Indonesia's One-Man Wrecking Crew      
      Written by Our Correspondent 
      Friday, 10 October 2008  
      The Jakarta Stock Exchange remains closed after Bakrie Group companies 
are suspended from trading amid allegations of irregularities 

      Indonesia's billionaire Chief Welfare Minister Aburizal Bakrie, whose 
companies are already being held responsible for the biggest man-made 
environmental disaster in Indonesian history, is now in trouble for playing a 
major role in wrecking the country's stock market, which has been closed for 
three days.

      Six companies controlled by the powerful Bakrie Group were suspended from 
trading Tuesday on the Indonesia Stock Exchange in the wake of wild gyrations 
in prices that drove the group's shares down by 30 percent.  

      The exchange has ordered a probe into trading of the shares, with traders 
and analysts openly saying the stocks had been manipulated to drive up their 
price. Lenders to the Bakrie Group, wary after being burnt the first time his 
empire collapsed after the 1997 Asian financial crisis, are believed to have 
sought his family companies' stock as collateral. The stock comes with 
stringent conditions and bankers worry that some loan covenants may be 
triggered if the stock remains untradeable. The group has not disclosed what 
the conditions of group loans are.

      Given Bakrie's political clout and the fact that his companies have 
routinely escaped scrutiny by government officials, it is questionable how far 
the investigation will go.  However, the disastrous blowout of a 
Bakrie-controlled gas well two years ago and the environmental damage it did, 
plus other problems, may have made him less than welcome in the cabinet of 
President Susilo Bambang Yudhoyono, who has made reducing corruption a major 
goal of his administration.  The country's indefatigable Corruption Eradication 
Commission has been arresting politicians right and left. 

      The exchange's benchmark composite index plummeted more than 21 percent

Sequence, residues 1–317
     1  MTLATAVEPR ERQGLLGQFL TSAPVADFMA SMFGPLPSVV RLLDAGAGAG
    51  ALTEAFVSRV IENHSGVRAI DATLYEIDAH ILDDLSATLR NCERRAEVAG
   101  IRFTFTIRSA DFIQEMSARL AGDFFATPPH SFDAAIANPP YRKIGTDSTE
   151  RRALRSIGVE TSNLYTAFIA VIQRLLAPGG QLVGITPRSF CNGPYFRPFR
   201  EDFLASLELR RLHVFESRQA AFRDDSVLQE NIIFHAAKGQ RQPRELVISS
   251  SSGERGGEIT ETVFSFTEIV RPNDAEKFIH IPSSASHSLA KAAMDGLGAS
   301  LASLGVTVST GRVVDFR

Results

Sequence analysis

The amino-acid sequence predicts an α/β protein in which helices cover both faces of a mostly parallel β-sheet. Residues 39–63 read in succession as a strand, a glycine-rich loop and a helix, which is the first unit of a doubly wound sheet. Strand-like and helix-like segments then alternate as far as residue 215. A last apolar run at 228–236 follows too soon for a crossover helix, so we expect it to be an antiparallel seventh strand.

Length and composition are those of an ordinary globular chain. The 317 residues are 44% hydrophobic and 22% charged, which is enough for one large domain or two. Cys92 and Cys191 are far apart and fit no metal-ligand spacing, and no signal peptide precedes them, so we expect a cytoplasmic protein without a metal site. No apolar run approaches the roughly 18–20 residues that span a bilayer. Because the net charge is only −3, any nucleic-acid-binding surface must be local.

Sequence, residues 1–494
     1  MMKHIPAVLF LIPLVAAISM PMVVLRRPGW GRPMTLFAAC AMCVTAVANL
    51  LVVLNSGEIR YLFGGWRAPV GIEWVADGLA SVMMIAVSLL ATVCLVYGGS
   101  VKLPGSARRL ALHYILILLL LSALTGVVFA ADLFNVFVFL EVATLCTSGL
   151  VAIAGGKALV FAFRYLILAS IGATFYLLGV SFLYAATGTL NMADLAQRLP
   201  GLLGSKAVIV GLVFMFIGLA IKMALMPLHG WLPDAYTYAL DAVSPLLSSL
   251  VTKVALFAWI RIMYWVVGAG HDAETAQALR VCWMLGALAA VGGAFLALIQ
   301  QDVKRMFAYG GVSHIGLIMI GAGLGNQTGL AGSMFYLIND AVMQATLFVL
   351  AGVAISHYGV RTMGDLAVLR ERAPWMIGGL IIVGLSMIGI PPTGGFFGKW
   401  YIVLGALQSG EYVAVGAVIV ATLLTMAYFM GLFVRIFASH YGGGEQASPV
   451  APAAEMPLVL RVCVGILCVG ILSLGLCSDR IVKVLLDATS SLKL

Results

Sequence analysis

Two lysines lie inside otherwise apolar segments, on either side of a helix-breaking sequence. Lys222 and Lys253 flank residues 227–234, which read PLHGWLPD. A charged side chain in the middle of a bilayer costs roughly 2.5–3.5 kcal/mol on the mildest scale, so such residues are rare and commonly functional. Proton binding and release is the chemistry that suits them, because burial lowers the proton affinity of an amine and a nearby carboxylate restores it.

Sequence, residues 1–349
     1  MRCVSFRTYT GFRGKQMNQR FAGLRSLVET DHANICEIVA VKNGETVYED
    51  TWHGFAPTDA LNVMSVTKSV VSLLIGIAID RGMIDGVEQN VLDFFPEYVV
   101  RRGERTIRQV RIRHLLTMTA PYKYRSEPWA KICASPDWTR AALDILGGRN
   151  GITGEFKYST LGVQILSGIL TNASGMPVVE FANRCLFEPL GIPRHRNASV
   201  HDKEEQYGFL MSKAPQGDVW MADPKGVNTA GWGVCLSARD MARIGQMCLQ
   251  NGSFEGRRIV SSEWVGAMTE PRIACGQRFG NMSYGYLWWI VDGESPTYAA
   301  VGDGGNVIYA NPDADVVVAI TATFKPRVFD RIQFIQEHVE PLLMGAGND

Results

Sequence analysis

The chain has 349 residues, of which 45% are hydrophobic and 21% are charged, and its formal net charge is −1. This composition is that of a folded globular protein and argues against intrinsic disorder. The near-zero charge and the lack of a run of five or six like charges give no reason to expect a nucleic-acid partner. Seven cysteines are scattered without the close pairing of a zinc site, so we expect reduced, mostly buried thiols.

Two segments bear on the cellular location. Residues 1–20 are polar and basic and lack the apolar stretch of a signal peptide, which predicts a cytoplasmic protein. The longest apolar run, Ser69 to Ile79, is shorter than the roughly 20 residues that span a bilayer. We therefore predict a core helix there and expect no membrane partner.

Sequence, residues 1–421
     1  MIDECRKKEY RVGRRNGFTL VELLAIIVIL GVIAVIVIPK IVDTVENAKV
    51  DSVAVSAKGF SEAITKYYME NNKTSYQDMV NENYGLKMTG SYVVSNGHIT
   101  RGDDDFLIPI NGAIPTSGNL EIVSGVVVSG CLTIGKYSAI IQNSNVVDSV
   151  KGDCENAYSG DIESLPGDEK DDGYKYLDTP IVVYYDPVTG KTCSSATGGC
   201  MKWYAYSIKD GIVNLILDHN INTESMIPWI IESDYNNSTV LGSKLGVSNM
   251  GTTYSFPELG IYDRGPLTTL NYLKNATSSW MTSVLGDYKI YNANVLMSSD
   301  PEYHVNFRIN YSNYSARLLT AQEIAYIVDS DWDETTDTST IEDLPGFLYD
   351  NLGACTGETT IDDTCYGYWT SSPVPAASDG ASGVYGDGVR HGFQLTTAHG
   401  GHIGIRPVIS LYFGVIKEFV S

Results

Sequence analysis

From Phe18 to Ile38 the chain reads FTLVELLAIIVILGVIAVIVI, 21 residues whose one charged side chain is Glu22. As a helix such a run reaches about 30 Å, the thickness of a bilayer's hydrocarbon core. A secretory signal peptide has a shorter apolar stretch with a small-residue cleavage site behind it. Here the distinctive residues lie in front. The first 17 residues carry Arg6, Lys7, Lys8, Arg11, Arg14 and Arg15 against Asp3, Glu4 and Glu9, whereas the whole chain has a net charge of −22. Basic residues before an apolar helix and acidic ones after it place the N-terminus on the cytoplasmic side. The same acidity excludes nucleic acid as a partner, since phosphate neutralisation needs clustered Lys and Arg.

this week, the biggest three-day fall in 20 years as major foreign investors 
pulled back from emerging markets, and particularly those as dicey as 
Indonesia's. The Jakarta Stock Exchange was Asia's worst-performing market 
before exchange president Erry Firmansyah shut it Wednesday. There was hope 
that it would reopen on Friday, but Firmansyah told reporters it would remain 
closed to give investors a chance to "calm down before they make decisions."

      While suspicion has focused on the Bakrie-owned PT Bumi Resources Tbk, 
the country's largest coal miner, it has also shone a spotlight on the Jakarta 
Stock Exchange as well, which has often been likened to a gaming casino rather 
than a rational market, with rampant insider trading and traders taking control 
of blocks of stock in so-called "pump and dump" pyramid selling games between 
them to drive up the price and draw in retail investors. A classic game is to 
drive up the price of a stock by selling it between each other until enough 
unsuspecting investors have been drawn in, then to sell and get out, watching 
the price drop precipitately.

      PT Agis Tbk, a general trading and electronics company, is a case in 
point. In June of 2007, Agis was responsible for the collapse of the composite 
index when 20 brokerages defaulted on trades in the company's shares worth Rp23 
billion. Agis's share price had risen from Rp300 to Rp4,000 in less than six 
months before plummeting.

      Similarly, PT Bumi Resources was the focus of hyperactive trading during 
the runup in commodity prices earlier this year. 

      "Among these six companies under the Bakrie Group banner, Bumi Resources